(This can be true in any sport. A basketball team could have solvable problems rebounding or shooting that cause a losing streak. Football teams might not block well or get enough pressure out of the front seven because of problems with execution or communication. A hockey team might just get in a lull where they don't give the necessary second and third efforts to make important plays. It's not always permanent.)
For the Minnesota Twins, their 9-18 start is equal parts hideous and alarming.
It's hideous because virtually no one is playing to what their perceived capabilities are.
It's alarming because virtually no one is playing to what their perceived capabilities are, and there's no tangible end in sight.
Between injuries and completely ineffective players, the Twins don't have enough bodies to answer all their questions.
In the Star Tribune, LaVelle E. Neal III did a great job laying out many of the issues Tuesday.
- Alexi Casilla is hitting .190 and stinks defensively.
- Danny Valencia is hitting .211, stinks defensively, and seems to struggle with baserunning when he bothers to avoid making an out.
- Justin Morneau just hit his first home run of the season and is carrying a .225 average into Tuesday's game at Chicago.
- Joe Mauer is still out.
- Mauer wasn't hitting when he was in.
- Drew Butera is hitting .106 in Mauer's place at catcher, making Mauer's .235 average look like freaking Ted Williams. Butera is an ace defensively, but has a lower average than that of all National League pitchers combined, Neal notes.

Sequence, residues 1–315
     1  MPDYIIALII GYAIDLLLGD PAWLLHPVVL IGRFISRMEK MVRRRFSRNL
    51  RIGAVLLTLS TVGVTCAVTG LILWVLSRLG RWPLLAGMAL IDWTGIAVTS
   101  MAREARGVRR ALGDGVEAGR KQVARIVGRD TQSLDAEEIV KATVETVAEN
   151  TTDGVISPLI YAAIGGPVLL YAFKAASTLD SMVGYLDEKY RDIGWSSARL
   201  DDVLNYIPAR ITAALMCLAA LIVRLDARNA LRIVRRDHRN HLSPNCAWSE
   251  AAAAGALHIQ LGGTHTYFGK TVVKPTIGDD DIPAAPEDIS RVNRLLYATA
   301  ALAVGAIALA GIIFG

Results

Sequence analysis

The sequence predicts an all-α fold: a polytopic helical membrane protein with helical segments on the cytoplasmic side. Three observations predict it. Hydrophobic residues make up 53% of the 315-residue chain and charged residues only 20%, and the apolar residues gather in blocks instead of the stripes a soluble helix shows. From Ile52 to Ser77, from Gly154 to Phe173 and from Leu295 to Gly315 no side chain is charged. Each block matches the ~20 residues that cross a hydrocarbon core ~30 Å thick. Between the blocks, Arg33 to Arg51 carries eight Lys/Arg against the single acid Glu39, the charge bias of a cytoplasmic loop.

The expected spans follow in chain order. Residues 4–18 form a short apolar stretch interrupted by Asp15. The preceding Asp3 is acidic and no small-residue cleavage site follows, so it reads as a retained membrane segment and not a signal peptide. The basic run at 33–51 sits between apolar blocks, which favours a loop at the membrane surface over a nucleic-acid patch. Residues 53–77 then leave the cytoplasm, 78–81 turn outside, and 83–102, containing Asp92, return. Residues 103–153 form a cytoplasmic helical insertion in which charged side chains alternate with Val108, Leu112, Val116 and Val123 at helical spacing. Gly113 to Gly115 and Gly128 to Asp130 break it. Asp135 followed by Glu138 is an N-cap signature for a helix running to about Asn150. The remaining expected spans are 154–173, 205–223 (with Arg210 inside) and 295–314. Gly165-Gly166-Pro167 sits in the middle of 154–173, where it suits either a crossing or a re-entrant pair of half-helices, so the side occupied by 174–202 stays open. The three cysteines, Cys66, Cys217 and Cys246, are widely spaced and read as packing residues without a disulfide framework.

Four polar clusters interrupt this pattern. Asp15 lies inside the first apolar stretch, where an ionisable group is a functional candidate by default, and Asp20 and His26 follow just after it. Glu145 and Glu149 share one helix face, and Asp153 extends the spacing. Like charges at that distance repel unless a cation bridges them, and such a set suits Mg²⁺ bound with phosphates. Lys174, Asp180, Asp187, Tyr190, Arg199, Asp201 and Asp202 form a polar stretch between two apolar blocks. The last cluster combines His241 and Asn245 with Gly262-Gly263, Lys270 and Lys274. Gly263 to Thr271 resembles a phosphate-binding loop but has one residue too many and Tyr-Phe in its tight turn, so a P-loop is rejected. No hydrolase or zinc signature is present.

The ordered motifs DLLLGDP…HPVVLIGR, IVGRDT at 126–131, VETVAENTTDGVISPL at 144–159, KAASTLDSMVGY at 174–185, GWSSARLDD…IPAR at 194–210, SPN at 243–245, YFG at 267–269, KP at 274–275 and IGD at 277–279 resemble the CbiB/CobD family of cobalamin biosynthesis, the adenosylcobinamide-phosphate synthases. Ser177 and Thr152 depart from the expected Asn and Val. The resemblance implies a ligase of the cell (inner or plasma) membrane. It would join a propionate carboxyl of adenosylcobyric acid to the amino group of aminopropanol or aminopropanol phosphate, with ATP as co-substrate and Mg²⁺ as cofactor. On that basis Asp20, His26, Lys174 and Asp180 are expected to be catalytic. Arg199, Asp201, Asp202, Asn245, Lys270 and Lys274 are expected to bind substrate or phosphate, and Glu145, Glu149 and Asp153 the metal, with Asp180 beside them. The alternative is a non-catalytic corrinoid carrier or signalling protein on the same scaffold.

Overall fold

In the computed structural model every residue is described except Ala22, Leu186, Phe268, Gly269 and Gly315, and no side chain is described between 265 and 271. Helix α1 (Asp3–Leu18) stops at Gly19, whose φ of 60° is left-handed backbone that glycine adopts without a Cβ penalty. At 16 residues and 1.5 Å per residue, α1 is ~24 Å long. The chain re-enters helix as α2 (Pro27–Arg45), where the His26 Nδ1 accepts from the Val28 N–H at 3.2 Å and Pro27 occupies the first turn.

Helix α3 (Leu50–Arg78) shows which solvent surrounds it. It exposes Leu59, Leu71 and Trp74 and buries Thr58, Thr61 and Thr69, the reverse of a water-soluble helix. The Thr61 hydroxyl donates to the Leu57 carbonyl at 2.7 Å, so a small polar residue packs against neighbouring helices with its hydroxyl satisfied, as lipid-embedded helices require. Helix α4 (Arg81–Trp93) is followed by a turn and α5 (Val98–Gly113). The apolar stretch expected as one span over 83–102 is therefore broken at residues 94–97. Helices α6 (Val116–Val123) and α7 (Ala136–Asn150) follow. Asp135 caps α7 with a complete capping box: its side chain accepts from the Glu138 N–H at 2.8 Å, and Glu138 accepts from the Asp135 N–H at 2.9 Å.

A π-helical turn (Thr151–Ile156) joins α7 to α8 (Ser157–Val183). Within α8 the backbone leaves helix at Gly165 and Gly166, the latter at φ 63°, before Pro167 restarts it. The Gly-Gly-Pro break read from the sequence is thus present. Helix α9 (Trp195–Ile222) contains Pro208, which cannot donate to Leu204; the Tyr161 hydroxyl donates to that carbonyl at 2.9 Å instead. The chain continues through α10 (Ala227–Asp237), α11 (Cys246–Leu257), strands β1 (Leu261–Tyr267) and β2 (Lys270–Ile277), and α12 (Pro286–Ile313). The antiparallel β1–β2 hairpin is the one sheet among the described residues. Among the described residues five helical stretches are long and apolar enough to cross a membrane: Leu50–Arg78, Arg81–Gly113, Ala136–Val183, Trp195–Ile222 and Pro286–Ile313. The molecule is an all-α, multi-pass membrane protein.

- As a team, the Twins have 12 home runs. Alfonso Soriano has 11 by himself.
- Michael Cuddyer is hitting .226 with four RBI, putting him on pace for approximately 25 this season.
- The Twins have scored 85 runs. St. Louis' Albert Pujols, Lance Berkman, Matt Holliday, and Colby Rasmus have combined for 88 by themselves.
- Minnesota's team ERA of 5.06 is the worst in baseball, and nearly double that of first-place Oakland (2.66).
- The "pitch to contact" mantra isn't working well. The Twins have just 152 strikeouts, easily the worst in baseball.
They're on their own for this one.
Getting Mauer back could be beneficial, and it won't hurt when Tsuyoshi Nishioka is healthy. In the end, though, a whole lot of guys have to start hitting, and the Twins can ill afford to see Francisco Liriano, Carl Pavano, and Nick Blackburn stink the joint up nearly as much as they have been as of late.
When Scott Baker is your ace, and he has one win, you have problems.
Then again, when you look at the laundry list of issues above, it's hard to argue the Twins don't have problems.
Now, they just need to find solutions before it's too late.